Interview with Dr. Valerie Ulene
Communication with your doctor is the first step in keeping prescription drug costs down. Asking your doctor if you actually need to take a drug in the first place is not a stupid question. For many conditions there are alternatives... an example is high cholesterol. There are very effective prescription drugs to help lower cholesterol, but lifestyle changes like good diet and regular exercise are also proven ways. As is the case with antibiotics, there is also a tendency to over-prescribe for conditions that do not warrant treatment. Sometimes it's easiest course of action, colds and flu aren't always bacterial and treatable with antibiotics, but the doctor prescribes anyway to placate patients.
The second step is to check with your doctor or pharmacist to make sure the prescribed medication is the best or only choice for your condition. There may also be alternative prescription drug therapies available that vary in cost. Many times the latest cutting-edge medication is also the most expensive, but there may be older medicines available that are cheaper. An example is ibuprofen versus the latest arthritis painkillers like Vioxx or Celebrex. Both do the same thing and it's worth trying the cheaper one first in terms of cost. Generic alternatives may also be available with some drugs. A doctor usually writes a specific drug prescription, but in most states the pharmacist can offer you a choice if you ask.
When it comes to shopping around for medication, the first step is to compare prices at a few local pharmacies. Prices vary widely and there may be significant savings to be had for a particular drug you need. The key is to get the lowest price that's also a practical choice given the location of the pharmacy in terms of travel time and cost of travel. Reputable online pharmacies can provide good savings, too, but in a practical sense are more appropriate for long-term chronic conditions but not immediate concerns where you can't wait for the shipping time.
Although many people are covered by insurance, the different plans take some navigating and although you may be restricted in your choices, you can still shop around. Some insurance companies have higher co-pay on brand names versus generics.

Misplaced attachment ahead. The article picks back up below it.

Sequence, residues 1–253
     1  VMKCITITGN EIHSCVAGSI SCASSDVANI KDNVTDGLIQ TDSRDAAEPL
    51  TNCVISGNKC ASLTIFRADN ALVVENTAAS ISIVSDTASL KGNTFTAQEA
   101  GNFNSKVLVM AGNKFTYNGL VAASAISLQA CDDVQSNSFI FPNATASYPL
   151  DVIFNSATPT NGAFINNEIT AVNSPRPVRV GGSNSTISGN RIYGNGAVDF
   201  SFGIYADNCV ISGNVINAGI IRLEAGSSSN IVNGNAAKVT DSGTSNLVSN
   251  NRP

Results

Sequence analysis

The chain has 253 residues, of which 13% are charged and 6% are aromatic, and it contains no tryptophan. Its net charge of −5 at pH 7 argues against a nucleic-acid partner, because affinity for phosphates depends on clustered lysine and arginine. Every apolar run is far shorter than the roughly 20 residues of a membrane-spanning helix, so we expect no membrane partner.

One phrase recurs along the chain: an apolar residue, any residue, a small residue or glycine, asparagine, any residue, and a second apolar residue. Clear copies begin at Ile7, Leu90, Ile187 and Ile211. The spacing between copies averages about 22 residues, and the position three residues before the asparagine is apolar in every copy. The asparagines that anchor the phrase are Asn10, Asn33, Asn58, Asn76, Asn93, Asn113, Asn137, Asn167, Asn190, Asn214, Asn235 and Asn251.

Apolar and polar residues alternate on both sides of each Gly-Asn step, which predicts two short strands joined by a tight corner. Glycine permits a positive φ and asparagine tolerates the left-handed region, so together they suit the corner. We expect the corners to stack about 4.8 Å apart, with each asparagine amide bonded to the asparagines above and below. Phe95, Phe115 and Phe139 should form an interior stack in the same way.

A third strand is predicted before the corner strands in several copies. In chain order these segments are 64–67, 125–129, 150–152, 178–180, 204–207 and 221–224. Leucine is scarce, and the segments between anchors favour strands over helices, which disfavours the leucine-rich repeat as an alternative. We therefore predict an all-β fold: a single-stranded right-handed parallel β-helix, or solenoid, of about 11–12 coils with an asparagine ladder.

An important point in long-term savings is to use medication properly, non-compliance with taking your pills can lead to worsening of your condition, and perhaps other related conditions that require more medication and more cost.
Background Information on the cost of prescrition drugs
The retail price for prescription drugs increased from 1991 to 1998 at three times the rate of national inflation and about 50% more than overall medical inflation, according to the Kaiser Foundation. Global drug sales will top $ 360 billion in 2000 and 80% will come from the drugs that require a prescription. In the U.S. last year, prescription drugs accounted for half of the rise in health care costs. The National Association of Chain Drug Stores estimates prescription drug spending to have reached $143.5 billion last year. ©MMII CBS Worldwide Inc. All Rights Reserved. This material may not be published, broadcast, rewritten, or redistributed
Rising costs are partly attributed to the tendency of patients and physicians to move quickly to adopt the newest therapies--which often carry higher price tags. Average cost per day of drug therapy increased 8% per year from 1996 to 1999, according to the Brandeis University Schneider Institute for Health Policy, with most of the change due to patients' moving to different, higher-priced drugs.
Clearly it pays to comparison-shop for prescription prices. An example is the nonprofit World Share Prescriptions Program, a mail-order and phone-order pharmacy in Chula Vista, California. (800-542-1110, www.worldshare.org). Generic drugs are its bargain specialty. Take the blood-pressure medication Atenolol. While the name-brand Tenormin normally goes for $99 for 90 tablets (50 milligram), World Share was selling the generic version for $10.99 last month. Another example is the blood-pressure medication Enalapril, going for $19.49 for a 90-day supply of 10-milligram tablets, compared to $97 for name-brand Vasotec.
Several states have taken steps to make prescription drugs more affordable. Vermont allows uninsured residents to buy drugs at the same discounted prices available to Medicaid recipients. Maine recently became the first state to enact a form of price controls. A new Florida law created a discount prescription drug-pricing program for people enrolled in Medicare.
Drug Industry leaders say prescription drugs often save money in the long-run, and they point out that heart and blood-pressure medications that keep people out of the hospital. The industry also defends itself by saying that only one-third of drug inflation is the result of higher drug costs, the rest coming from higher sales volumes.
©MMII CBS Worldwide Inc. All Rights Reserved. This material may not be published, broadcast, rewritten, or redistributed